Postulating the existence of two worlds (Real and Ideal) --

  • does not resolve the Parmenidean conundrum
  • it only doubles the problem by giving us two ontological systems to explain
The Form (Idea, blueprint) of a thing (its user's manual for achieving its function, purpose or goal) --

  • is not an abstract representation that exists in some inaccessible thought-space
  • it is embedded in the thing's tangible natural world being....
The form of an oak resides in the acorn -- the future roots, trunk, branches, leaves and even acorns are all there:  all potential just waiting to be actualized.

Mathematics --

  • is not the sole path to scientific knowledge
  • is a model for reasoning, but is limited in its usefulness when applied to the natural world
  • is useful in gaining knowledge of the heavens, optics, perspective...
  • is not useful for investigating living things

Living things --

  • do not adhere to rigid patterns of behavior
  • require a new model for reasoning, one based on what is probable, not just what is certain
  • this kind of reasoning also is scientific (beautiful), as is the study of animals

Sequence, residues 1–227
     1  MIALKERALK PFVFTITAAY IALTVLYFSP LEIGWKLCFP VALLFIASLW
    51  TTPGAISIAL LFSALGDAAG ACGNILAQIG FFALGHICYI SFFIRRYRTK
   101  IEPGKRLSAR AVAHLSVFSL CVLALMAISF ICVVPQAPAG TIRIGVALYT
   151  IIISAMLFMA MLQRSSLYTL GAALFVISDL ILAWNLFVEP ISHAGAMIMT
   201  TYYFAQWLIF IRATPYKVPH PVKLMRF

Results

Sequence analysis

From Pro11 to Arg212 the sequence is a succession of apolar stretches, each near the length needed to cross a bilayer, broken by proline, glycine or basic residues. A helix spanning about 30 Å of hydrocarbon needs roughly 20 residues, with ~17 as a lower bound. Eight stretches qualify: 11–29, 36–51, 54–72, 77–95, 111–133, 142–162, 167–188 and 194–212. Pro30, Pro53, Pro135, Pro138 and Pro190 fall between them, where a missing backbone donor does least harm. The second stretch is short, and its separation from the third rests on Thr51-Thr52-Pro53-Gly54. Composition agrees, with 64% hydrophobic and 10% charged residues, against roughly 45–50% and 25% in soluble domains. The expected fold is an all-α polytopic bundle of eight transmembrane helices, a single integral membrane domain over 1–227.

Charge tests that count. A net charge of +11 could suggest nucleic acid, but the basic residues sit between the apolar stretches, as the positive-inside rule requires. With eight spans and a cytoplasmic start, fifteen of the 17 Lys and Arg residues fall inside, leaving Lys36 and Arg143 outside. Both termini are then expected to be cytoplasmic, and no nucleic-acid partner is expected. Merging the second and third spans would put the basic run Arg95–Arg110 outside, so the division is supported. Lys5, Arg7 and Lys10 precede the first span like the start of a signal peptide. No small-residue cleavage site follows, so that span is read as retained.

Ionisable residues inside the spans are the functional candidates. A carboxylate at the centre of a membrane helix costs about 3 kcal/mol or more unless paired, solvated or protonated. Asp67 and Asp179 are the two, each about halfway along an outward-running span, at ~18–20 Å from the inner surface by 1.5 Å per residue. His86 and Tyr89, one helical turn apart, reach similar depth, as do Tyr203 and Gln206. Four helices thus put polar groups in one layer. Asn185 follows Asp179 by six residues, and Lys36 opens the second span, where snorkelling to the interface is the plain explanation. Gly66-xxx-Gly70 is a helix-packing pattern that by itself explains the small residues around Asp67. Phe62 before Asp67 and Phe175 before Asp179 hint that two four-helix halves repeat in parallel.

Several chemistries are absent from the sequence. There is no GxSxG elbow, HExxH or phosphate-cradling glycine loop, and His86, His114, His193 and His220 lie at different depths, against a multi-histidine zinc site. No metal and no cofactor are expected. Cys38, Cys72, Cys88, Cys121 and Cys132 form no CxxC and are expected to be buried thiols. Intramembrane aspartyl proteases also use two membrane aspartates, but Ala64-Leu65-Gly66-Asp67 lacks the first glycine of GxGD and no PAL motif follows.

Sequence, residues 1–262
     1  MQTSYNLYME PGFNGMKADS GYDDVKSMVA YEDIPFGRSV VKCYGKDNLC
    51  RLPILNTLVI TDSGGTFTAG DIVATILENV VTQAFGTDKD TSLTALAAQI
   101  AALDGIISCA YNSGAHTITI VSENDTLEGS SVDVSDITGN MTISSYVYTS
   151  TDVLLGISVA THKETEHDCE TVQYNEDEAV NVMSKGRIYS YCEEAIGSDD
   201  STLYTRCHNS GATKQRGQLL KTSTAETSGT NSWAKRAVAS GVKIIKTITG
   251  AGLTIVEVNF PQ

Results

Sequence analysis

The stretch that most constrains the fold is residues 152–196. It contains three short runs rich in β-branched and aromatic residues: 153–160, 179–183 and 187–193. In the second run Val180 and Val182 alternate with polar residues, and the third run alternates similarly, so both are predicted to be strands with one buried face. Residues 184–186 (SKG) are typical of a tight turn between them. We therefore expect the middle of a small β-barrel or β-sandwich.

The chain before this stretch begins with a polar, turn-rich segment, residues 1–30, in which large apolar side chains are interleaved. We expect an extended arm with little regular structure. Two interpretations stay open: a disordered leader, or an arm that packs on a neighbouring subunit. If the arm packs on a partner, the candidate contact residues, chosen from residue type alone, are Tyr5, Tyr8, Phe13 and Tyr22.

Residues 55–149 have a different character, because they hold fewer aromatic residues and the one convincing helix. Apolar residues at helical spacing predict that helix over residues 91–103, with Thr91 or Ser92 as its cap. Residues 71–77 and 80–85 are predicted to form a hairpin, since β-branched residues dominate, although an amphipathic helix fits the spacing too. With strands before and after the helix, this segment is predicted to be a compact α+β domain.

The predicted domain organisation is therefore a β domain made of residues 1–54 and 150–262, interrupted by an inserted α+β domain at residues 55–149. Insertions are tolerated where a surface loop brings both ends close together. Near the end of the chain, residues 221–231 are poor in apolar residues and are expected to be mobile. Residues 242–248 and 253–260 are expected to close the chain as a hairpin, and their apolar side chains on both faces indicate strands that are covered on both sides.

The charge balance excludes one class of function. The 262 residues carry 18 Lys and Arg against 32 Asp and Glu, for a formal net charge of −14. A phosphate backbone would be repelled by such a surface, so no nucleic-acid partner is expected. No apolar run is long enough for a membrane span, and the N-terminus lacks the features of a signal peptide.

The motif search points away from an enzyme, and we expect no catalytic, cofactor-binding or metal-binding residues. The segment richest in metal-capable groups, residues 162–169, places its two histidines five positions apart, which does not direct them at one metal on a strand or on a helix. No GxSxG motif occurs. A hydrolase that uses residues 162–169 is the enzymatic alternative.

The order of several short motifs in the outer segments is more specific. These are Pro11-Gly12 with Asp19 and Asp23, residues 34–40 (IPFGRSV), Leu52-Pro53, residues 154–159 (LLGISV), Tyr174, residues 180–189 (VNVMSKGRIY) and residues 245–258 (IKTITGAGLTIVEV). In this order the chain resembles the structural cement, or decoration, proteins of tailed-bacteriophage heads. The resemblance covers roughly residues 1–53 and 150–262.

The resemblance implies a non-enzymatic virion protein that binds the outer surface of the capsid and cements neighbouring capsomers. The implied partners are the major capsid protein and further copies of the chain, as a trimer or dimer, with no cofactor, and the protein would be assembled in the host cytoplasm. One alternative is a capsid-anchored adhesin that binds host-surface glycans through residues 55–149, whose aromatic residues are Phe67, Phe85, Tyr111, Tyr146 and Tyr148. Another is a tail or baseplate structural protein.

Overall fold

Fundamentals of Aristotle's Natural Philosophy
All matter is made of two parts:

    hyle (HOO-lee)--basic fundamental stuff
    qualities--characteristics superimposed on hyle

Terrestrial Elements
Cold and Dry
Cold and Wet
Warm and Wet
Warm and Dry

Tension and balance generated by opposing qualities (wet vs. dry; cold vs. warm) is behind all change observed in terrestrial world.

Celestial Element
Quintessence, or aether
Aristotle's First Principles
Arché motion (not a material substance)
    • change of state (growth, decay, death, size, shape...)
    • change of position
Physis opposition
    • cold vs hot
    • wet vs dry

Physics of the Celestial realm

The celestial element (quintessence) has no opposing qualities.

  • quintessence is perfect and immutable 
  • a celestial body moves forever according to its perfect nature in a perfect circle at constant speed 
  • any sensory evidence to the contrary is illusory

Physics of the Terrestrial realm

Each terrestrial element (earth, water, air, fire) has a natural place or state.

  • some amount of each element is present in every body
  • therefore, opposing qualities are always at work
  • if a body (animate or inanimate) is removed from the natural place or state of its predominant element (violent change), it will naturally strive to return where it belongs (natural change)